As shown in FIGURE 6, an alternate handle construction 57 has a blade slot 58 in its front edge and a switch actuating lever 59 disposed in said slot. The lever 59 has one or more projections 61 which extend frontwardly out of the slot 8 for engagement by one finger of a hand which grasps the handle 57. In such case, no positive effort is required to open the switch associated with the blade 58 since a mere embracing of the handle 13 for the purpose of hanging on will move the blade 59 into the slot 58.
It will be recognized that other modifications of this character can be made in the disclosed structure. Accordingly, although particular preferred embodiments of the invention have been disclosed above in detail for illustrative purposes, it will be understood that variations or modifications of such disclosures, which lie Within the scope of the claim, are fully contemplated.
What is claimed is:
An apparatus for eifeoting communication between a water skier and the pilot of a boat towing said water skier, comprising: an elongated tow rope connectable at one end thereof to the boat; a manually engageable handle secured to the other end of the tow rope, said handle having an elongated hand grip portion secured to said tow rope, said hand grip portion having an elongated recess therein; said hand grip portion having a side from which the tow rope extends, and around which the fingers of a users hand may pass, said side being adapted to be adjacent to the boat, said hand grip portion having an opposed side adapted to be remote from the boat and adjacent to which the thumbs of a users hands may be positioned, said recess being an elongated slot in said remote side, said slot extending substantially between the ends of said hand grip portion; a switch mounted within said hand grip portion; an elongated switch actuator blade disposed in said slot for movement transverse to the lengthwise extent of said slot, said blade extending close to the ends of said slot and being engageable by the thumbs of the users hands, movement of said switch actuator within said recess effecting actuation of said switch; resilient means urging said switch actuator into one position with respect to said hand grip portion; electrical conductors connected to said switch and extending therefrom along said tow rope; a source of electrical energy; an electrically operated signalling device connected in circuit with said source and said switch whereby actuation of said switch effects operation of said signalling device.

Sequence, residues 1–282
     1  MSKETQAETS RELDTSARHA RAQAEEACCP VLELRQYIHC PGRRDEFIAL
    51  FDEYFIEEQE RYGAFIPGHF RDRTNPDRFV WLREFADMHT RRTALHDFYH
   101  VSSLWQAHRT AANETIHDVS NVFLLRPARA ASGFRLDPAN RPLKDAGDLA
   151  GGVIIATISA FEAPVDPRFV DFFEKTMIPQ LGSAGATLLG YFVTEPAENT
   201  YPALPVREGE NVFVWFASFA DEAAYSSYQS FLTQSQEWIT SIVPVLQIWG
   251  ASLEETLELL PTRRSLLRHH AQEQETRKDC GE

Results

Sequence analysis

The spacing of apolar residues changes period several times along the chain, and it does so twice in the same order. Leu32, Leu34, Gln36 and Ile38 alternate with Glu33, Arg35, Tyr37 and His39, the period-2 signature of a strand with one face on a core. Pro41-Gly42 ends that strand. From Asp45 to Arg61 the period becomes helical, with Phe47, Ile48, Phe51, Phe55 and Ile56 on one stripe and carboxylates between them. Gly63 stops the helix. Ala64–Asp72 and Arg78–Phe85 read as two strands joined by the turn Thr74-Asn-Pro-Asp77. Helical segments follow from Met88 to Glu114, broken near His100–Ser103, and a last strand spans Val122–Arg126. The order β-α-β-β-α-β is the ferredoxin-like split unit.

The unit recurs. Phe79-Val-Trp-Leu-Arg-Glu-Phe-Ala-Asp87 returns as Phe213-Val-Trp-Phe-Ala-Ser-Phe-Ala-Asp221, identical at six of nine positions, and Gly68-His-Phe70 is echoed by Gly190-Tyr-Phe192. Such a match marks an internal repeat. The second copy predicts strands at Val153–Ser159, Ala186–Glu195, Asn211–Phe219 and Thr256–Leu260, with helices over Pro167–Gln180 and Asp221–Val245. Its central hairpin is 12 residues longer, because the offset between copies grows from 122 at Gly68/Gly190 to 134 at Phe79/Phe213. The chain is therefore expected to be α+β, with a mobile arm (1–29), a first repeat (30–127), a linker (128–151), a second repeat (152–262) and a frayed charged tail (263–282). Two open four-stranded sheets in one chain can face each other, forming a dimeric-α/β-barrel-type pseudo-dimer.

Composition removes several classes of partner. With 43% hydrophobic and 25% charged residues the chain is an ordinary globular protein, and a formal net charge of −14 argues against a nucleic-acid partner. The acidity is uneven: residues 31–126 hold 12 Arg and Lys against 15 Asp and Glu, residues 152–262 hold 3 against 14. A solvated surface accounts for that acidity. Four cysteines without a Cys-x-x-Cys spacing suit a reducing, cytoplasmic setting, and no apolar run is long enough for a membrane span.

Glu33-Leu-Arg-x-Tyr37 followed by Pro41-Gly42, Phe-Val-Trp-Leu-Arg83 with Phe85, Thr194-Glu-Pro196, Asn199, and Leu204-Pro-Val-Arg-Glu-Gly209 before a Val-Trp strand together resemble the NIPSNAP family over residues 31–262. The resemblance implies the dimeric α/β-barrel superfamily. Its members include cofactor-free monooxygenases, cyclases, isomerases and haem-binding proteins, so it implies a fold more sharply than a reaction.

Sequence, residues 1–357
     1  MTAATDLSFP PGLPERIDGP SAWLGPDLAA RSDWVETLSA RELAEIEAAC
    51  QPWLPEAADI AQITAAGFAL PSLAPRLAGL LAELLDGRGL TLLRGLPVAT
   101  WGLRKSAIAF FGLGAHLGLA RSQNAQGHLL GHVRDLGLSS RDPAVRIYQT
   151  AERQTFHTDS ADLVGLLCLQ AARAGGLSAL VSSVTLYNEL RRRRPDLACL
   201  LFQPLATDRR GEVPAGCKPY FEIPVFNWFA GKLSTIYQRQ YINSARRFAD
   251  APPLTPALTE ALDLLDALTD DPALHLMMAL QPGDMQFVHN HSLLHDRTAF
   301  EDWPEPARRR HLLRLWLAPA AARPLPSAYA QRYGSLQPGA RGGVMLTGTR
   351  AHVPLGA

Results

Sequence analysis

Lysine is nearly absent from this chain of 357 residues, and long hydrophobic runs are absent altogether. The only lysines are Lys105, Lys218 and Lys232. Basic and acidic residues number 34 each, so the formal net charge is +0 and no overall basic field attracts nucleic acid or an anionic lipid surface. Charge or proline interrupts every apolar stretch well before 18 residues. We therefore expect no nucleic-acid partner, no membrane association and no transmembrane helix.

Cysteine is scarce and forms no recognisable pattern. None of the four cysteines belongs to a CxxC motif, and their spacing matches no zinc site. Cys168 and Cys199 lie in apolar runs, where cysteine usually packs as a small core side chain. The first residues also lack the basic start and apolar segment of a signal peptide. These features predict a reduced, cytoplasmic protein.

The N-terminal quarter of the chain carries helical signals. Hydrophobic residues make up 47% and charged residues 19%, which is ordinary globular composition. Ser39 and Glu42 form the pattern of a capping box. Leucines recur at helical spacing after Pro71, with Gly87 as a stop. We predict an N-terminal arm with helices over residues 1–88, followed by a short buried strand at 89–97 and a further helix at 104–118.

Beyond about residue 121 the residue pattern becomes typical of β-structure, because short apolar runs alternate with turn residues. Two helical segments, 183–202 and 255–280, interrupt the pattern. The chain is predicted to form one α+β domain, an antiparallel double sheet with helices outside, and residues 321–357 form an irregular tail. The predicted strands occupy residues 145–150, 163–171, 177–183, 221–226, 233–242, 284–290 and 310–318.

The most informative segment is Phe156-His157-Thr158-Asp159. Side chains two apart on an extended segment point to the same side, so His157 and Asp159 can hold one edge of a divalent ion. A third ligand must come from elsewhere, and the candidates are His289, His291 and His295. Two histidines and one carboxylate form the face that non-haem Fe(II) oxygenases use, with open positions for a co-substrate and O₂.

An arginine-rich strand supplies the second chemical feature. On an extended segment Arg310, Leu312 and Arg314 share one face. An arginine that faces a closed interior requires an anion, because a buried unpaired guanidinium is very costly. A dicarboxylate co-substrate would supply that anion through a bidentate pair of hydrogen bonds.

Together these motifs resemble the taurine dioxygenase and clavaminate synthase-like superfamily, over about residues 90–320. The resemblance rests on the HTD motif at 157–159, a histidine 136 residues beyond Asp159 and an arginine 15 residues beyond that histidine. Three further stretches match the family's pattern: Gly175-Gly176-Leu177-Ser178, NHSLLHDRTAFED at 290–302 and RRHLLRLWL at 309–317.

References Cited in the file of this patent UNITED STATES PATENTS 2,175,389 Hanff Oct. 10, 1939 2,324,844 Hutt July 20', 1943 2,732,543 Mogren Jan. 24, 1956 2,745,088 Baver May 8, 1956 2,776,443 Howard Jan. 8, 1957 2,865,978 Modrey Dec. 23, 1958 2,914,018 Schachner et a1 Nov. 24, 1959 2,994,861 Reinhardt et al. Aug. 1, 1961 3,021,513 Lankey Feb. 13, 1962 OTHER REFERENCES Popular Mechanics, March 1959, pages 156 and 157. (Copy available in Scientific Library.)
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|US8368560||Dec 11, 2009||Feb 5, 2013||Mcdonald Walter Dea||Automated warning system for waterski boats|
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|US20050124234 *||Nov 23, 2004||Jun 9, 2005||Robin Sells||Remote marine craft system and methods of using same|
|US20090165356 *||Dec 28, 2007||Jul 2, 2009||Arlin Curtis Blum||Fishing apparatus utilizing remote controlled boat|
|US20110140925 *||Dec 11, 2009||Jun 16, 2011||Mcdonald Walter Dea||Automated warning system for waterski boats|
|U.S. Classification||340/984, 200/332.2, 114/253, 441/69, 200/505, 114/245, 340/286.1|
|International Classification||G08B7/06, G08B7/00|